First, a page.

Study: Liking Trashy Movies Means You're Smarter Than Average

Save ArticleSave Article

Failed to save article

Please try again

This article is more than 6 years old.
A scene from Sharknado, which is, yes, a movie about a tornado made of sharks.

We all have one: a friend who, in addition to being a very well-rounded human who you generally think of as smart and capable, can also happily describe the plot of each film in the Sharknado franchise while those around her look on in amused horror. Or maybe you are that friend?

No shame if you are  -- according to a new study, you're probably the smartest of the bunch. Researchers at the Max Planck Institute for Empirical Aesthetics, which is a real school in Frankfurt and not a discarded jumble of words from a Wes Anderson movie, found that people who like to engage in ironic viewing of films and television shows they fully understand to be "bad" are generally people with above-average intelligence. (Cough, KQED Pop's devotion to Crossroads; just gonna leave this here.)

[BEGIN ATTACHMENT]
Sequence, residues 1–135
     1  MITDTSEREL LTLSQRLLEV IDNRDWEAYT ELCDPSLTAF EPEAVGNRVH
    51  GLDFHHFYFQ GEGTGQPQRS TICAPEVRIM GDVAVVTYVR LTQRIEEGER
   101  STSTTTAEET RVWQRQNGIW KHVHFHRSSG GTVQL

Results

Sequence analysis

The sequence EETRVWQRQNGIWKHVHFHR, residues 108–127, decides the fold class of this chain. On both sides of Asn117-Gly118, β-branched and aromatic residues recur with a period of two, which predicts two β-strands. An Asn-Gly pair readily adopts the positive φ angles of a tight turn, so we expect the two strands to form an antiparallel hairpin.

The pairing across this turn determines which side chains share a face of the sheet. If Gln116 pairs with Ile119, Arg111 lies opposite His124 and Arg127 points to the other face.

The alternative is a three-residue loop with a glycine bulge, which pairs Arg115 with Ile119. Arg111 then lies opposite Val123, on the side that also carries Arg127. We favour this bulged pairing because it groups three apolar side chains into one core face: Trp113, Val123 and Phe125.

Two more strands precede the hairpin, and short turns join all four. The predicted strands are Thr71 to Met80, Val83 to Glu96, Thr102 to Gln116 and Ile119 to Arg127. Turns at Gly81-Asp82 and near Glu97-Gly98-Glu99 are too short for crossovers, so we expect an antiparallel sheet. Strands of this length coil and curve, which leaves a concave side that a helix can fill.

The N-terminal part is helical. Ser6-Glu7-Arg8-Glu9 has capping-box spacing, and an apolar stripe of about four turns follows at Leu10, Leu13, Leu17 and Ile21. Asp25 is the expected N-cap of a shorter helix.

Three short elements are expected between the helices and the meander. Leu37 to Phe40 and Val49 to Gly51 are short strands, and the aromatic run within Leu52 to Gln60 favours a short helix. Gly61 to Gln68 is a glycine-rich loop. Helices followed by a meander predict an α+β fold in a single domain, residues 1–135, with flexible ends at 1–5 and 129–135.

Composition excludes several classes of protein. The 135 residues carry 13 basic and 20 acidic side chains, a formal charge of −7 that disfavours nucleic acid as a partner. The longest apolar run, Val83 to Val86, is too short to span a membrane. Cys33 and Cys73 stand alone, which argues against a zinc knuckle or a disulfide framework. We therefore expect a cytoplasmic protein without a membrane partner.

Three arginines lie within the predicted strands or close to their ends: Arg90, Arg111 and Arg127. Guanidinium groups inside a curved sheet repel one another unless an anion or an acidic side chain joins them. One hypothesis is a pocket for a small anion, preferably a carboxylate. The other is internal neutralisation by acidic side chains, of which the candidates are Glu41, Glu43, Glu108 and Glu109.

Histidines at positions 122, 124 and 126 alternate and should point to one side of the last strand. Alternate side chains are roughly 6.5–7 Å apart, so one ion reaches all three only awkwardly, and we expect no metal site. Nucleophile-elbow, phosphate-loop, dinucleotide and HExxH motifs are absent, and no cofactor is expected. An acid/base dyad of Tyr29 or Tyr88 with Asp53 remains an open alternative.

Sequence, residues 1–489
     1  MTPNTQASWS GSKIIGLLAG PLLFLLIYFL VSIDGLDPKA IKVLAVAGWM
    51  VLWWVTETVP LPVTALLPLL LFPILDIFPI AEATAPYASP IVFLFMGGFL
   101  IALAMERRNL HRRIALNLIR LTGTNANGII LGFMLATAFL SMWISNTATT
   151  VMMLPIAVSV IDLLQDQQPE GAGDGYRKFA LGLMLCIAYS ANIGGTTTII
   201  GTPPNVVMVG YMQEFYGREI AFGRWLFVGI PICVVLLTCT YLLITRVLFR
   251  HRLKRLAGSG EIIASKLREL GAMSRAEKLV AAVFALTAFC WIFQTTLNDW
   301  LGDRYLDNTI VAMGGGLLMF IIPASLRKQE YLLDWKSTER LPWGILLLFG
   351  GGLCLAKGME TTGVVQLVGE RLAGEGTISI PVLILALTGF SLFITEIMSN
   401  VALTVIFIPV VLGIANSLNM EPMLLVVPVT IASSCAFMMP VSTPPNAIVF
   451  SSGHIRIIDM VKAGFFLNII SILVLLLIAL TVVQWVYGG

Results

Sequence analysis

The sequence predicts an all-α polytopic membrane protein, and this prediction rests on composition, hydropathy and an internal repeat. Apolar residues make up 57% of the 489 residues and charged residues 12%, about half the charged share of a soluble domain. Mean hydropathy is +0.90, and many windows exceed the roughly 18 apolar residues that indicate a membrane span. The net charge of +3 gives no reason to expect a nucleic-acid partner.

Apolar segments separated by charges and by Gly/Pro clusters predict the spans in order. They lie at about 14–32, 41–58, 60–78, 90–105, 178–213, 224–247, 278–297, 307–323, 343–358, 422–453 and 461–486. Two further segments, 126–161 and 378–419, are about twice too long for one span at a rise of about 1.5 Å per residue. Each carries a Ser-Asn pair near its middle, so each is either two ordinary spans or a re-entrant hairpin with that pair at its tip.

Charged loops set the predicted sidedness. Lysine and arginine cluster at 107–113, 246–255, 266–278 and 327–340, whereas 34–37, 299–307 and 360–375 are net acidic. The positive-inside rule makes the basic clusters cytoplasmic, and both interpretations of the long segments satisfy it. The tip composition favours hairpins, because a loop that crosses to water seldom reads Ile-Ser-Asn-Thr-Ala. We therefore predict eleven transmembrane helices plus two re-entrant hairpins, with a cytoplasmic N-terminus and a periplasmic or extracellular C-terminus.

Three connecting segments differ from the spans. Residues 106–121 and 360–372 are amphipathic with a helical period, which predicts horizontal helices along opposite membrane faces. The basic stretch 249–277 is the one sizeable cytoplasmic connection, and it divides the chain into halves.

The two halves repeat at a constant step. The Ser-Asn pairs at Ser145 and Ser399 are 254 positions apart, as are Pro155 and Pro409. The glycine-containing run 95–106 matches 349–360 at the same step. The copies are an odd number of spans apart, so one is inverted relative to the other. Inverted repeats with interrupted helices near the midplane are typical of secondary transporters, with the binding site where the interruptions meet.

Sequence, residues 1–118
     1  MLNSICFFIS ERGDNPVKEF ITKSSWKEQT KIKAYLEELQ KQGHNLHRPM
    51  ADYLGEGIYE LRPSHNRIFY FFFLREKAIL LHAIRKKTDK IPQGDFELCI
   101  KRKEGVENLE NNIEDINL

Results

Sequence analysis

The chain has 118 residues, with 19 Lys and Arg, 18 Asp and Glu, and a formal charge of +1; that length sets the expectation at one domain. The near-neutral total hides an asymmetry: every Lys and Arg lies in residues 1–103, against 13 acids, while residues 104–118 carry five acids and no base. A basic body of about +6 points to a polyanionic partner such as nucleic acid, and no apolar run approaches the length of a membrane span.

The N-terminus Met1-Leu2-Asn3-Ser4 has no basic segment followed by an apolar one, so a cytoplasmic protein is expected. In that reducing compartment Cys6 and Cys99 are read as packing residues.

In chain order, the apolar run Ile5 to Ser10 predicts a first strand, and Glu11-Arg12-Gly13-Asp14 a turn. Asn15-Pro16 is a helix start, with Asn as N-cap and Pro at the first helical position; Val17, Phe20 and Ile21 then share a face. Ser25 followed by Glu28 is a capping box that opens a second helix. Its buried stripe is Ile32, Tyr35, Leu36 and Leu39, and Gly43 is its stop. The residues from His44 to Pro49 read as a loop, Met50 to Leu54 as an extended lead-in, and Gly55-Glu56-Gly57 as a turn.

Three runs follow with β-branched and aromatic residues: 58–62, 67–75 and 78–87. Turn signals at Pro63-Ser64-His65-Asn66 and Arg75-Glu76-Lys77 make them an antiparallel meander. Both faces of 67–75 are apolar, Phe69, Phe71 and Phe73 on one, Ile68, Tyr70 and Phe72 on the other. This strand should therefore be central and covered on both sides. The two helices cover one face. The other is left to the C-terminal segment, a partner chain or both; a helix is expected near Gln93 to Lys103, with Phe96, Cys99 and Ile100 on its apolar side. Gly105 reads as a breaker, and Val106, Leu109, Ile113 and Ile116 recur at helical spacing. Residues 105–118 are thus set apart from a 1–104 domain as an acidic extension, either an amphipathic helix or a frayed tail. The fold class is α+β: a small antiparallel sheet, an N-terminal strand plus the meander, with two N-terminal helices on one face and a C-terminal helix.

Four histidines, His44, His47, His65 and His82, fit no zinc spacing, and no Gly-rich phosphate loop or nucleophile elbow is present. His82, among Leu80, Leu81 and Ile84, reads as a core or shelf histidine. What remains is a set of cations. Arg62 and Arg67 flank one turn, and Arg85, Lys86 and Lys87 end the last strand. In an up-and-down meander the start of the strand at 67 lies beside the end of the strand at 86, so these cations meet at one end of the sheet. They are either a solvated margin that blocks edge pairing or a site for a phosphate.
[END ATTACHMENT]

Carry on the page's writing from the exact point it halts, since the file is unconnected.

"To such viewers, trash films appear as an interesting and welcome deviation from the mainstream fare," researcher Keyvan Sarkhosh told The Independent, which noted that the team mainly wound up studying low-budget horror movies. "We are dealing here with an audience with above-average education, which one could describe as 'cultural omnivores'. Such viewers are interested in a broad spectrum of art and media across the traditional boundaries of high and popular culture."

See? There is something real that's compelling you to watch Encino Man at least twice a year -- your giant, above-average brain. Science said so.